When you are under a court ordered obligation to pay support, you must do so timely. It is important to be aware that payment of your support is not made when you send a check, and not when the check is received. Payment is only legally made when the check is negotiated for good funds by being deposited and clearing your account. This is true of all payments made by check. So saving your canceled checks is the only way to prove payment.
If you notice your checks are not clearing the bank, inquire of the person who you send the payments to if he or she received it or not, and if received, ask why it has not been deposited. Make sure to do this in writing to have copies in case you are taken to court for arrears if you are just being set up. If the person claims never having received the checks, stop all the uncleared checks, issue new ones and ask a lawyer to forward it for you. The court will not believe you that you mailed it, but will believe a lawyer who can show the court a copy of his or her cover letter along with copies of the check(s) forwarded and swear as an officer of the court that he or she mailed it.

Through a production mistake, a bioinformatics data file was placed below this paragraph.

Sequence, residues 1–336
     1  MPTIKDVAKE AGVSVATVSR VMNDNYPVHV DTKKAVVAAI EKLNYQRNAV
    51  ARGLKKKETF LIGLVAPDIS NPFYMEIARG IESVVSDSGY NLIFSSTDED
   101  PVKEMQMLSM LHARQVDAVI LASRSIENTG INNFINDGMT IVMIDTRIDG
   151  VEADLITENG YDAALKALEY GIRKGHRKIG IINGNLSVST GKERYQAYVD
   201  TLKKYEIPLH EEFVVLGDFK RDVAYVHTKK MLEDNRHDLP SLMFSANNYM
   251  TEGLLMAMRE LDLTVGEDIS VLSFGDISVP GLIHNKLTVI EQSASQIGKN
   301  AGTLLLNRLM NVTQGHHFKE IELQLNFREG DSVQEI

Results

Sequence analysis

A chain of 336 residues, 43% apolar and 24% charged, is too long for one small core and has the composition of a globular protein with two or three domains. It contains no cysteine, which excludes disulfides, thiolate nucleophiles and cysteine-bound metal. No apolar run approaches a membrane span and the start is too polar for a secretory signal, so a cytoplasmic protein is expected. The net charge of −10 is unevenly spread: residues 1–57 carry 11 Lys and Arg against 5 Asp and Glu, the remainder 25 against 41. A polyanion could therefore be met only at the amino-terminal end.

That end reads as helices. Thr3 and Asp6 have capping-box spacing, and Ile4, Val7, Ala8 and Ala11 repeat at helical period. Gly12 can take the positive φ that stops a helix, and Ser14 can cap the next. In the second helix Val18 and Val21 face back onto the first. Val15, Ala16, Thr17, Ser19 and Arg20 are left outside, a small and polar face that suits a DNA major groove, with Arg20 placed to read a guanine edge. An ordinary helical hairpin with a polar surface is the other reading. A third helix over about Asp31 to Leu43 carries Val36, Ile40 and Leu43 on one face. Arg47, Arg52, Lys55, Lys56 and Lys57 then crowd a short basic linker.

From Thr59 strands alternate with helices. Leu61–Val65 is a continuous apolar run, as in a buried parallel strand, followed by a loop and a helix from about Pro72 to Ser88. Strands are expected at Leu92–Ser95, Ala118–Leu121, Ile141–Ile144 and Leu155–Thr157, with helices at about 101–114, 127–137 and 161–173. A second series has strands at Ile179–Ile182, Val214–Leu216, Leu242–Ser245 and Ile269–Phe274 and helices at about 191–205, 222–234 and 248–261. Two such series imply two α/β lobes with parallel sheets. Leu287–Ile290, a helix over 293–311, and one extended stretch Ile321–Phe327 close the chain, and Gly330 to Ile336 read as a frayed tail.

Also important to know is that if your payment is due, for example, on or before the 5th of each month, that means it must be received by the person to whom it is due on or before the 5th of the month. If it is received on the 6th or later, it technically counts as the following month’s payment and you become a month in arrears. Thus, always mail your payment at least five days before it is due.
If you run into monetary difficulties and the person to whom you pay child and/or spousal support is wiling to be understanding and cut you some slack, make sure you have a paper trail of this and as soon as you are able to, return to full payment and make payments towards arrears before you are taken to court.